abstract = "Purpose: - The purpose of this research is to investigate the drivers that induce companies to change their rules for managing product development. Most companies use a form of rule-based management approach, but surprisingly little is known about what makes companies change these rules. Furthermore, this management technology also has developed over time into different versions, but what drives firms from one version to another has only been suggested, not empirically studied.Design/methodology/approach: - The dynamics of the rules of five companies are analyzed over a period of more than 10 years based on three rounds of interviews with 40 managers.Findings: - Previous research has assumed that the dynamics of product development rules are based on internal learning processes, and that increasingly competent management will stimulate the implementation of newer and more complex rule regimes. However, the analysis here indicates that there are different drivers, both internal and external, that cause companies to adopt new rules or modify their existing ones, such as changes in organizational structures, organizational conflicts, and changes in ownership or strategy. In addition, contrary to the predictions in previous research, companies sometimes move back and forth between different generations of rules. Companies that have moved to a more flexible third generation of rules might revert to their second generation rules, or supplement their flexibility with an increased level of management control and information systems. A model is proposed to explain the relationship between the drivers of rule change and the actual dynamics of rules, incorporating two sets of moderators: organizational moderators and rule-related moderators.Research limitations/implications: - The findings indicate that many factors influence the modification of rules, and that there is no simple linear progression from one generation to another. Organizational learning is one among several other factors that influences the dynamics of rules for managing product development. Further research is needed to explore the dynamic relationship between different factors, the proposed moderators, and changes to rules. Lack of historical record keeping in companies puts special requirements on research concerning rulesPractical implications: - Companies need to consider how and why their present versions of rules have emerged, whether or not the existing rules can actually solve the challenges they face today, whether or not the rules support the intended company strategy, and what mechanisms influence their product development rules.Originality/value: - A great deal of research has investigated the relationship between the uses of structured rule-based approaches to manage product development, but little is known about what makes these rules change. This is the first study to uncover the multitude of drivers that stimulate change in product development rules and to suggest sets of moderators that influence the outcome.",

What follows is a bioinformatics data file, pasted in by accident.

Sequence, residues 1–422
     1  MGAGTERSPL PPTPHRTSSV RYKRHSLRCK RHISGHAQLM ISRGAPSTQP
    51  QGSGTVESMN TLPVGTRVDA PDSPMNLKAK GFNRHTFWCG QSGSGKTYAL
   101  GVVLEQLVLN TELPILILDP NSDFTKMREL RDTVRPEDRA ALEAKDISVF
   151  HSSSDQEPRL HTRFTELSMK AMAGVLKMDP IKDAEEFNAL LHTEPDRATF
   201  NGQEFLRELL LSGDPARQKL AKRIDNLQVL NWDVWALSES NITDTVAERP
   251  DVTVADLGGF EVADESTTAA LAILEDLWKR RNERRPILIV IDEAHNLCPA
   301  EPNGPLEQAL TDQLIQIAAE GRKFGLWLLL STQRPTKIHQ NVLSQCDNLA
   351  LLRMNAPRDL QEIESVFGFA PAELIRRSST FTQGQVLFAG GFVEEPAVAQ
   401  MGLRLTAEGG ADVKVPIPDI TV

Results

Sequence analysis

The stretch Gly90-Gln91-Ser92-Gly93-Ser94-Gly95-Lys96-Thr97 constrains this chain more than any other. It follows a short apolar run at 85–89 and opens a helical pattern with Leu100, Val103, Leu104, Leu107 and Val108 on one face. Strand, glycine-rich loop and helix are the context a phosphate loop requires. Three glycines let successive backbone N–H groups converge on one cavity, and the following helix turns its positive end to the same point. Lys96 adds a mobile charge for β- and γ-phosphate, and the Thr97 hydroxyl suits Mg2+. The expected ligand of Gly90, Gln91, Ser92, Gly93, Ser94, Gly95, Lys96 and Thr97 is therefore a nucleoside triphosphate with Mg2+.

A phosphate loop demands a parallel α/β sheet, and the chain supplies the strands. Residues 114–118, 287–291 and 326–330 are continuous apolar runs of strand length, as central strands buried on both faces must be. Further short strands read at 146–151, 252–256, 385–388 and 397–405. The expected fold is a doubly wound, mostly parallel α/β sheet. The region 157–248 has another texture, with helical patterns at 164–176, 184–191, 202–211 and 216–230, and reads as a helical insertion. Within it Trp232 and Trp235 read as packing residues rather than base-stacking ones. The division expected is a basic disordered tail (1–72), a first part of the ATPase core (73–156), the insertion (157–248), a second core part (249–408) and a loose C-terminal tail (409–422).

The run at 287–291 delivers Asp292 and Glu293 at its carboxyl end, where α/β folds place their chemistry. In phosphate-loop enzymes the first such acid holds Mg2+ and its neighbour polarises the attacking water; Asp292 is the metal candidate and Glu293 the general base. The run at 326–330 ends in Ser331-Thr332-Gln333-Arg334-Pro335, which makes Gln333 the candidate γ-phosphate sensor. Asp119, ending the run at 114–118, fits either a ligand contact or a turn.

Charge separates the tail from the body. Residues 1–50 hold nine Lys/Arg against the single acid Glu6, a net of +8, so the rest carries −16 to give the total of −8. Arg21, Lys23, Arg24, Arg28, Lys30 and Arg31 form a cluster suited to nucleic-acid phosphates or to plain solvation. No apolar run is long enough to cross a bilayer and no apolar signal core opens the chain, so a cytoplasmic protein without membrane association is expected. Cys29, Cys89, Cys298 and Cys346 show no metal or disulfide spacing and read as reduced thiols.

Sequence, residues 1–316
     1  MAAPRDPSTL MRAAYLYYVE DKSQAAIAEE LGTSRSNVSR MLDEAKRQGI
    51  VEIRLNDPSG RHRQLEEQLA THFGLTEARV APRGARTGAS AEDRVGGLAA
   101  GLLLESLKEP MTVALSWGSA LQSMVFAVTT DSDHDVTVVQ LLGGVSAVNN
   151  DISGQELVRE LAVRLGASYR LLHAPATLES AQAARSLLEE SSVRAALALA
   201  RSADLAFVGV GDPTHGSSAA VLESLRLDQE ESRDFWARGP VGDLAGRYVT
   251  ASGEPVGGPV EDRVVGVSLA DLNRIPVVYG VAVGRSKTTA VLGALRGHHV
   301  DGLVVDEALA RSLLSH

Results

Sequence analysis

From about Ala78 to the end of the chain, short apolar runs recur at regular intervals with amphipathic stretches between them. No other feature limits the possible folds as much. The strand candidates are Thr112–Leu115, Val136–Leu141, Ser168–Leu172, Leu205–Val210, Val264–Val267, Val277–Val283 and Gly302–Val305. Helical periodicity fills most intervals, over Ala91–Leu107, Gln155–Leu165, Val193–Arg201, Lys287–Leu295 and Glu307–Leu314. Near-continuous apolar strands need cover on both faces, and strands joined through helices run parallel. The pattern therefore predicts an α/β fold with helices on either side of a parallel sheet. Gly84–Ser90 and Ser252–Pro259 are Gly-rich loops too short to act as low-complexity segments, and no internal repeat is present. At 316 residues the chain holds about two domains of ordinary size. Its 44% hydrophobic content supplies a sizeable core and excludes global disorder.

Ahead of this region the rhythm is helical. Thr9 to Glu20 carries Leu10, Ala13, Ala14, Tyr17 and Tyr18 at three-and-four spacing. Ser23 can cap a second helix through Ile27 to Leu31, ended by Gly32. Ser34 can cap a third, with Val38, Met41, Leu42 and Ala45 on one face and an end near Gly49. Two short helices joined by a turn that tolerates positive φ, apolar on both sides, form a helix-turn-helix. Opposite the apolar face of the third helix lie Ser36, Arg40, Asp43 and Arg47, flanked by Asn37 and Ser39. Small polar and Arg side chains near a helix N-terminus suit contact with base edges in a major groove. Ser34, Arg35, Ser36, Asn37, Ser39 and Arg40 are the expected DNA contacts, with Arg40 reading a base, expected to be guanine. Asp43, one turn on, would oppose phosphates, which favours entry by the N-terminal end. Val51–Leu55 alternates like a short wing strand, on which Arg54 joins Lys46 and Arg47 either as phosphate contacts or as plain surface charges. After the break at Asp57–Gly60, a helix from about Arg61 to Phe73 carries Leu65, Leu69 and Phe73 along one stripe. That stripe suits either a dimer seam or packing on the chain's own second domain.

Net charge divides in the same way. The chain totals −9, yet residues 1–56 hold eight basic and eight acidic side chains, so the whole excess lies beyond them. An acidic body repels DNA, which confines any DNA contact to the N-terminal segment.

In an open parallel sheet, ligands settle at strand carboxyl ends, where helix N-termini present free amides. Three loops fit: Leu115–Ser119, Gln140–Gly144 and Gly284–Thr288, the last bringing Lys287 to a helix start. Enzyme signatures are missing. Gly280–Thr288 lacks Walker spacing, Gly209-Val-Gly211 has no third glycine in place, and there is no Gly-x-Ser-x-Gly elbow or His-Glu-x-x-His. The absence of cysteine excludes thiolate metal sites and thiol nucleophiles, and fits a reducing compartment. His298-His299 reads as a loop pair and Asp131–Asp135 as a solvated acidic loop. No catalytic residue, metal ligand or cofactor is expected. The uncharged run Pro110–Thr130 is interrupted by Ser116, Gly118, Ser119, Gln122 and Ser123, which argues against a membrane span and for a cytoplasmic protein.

keywords = "Case studies, Organizational change, Organizational innovation, Product development",